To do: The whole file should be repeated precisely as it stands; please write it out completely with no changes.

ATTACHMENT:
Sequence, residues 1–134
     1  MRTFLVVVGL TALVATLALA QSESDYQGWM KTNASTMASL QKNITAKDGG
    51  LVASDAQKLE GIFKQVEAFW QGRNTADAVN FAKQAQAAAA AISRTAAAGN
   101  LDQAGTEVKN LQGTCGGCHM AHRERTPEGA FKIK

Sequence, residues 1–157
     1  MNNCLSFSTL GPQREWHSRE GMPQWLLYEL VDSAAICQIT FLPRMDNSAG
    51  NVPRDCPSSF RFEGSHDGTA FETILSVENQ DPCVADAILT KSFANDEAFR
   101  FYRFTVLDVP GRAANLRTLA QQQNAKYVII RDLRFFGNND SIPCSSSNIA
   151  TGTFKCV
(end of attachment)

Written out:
Sequence, residues 1–134
     1  MRTFLVVVGL TALVATLALA QSESDYQGWM KTNASTMASL QKNITAKDGG
    51  LVASDAQKLE GIFKQVEAFW QGRNTADAVN FAKQAQAAAA AISRTAAAGN
   101  LDQAGTEVKN LQGTCGGCHM AHRERTPEGA FKIK

Sequence, residues 1–157
     1  MNNCLSFSTL GPQREWHSRE GMPQWLLYEL VDSAAICQIT FLPRMDNSAG
    51  NVPRDCPSSF RFEGSHDGTA FETILSVENQ DPCVADAILT KSFANDEAFR
   101  FYRFTVLDVP GRAANLRTLA QQQNAKYVII RDLRFFGNND SIPCSSSNIA
   151  TGTFKCV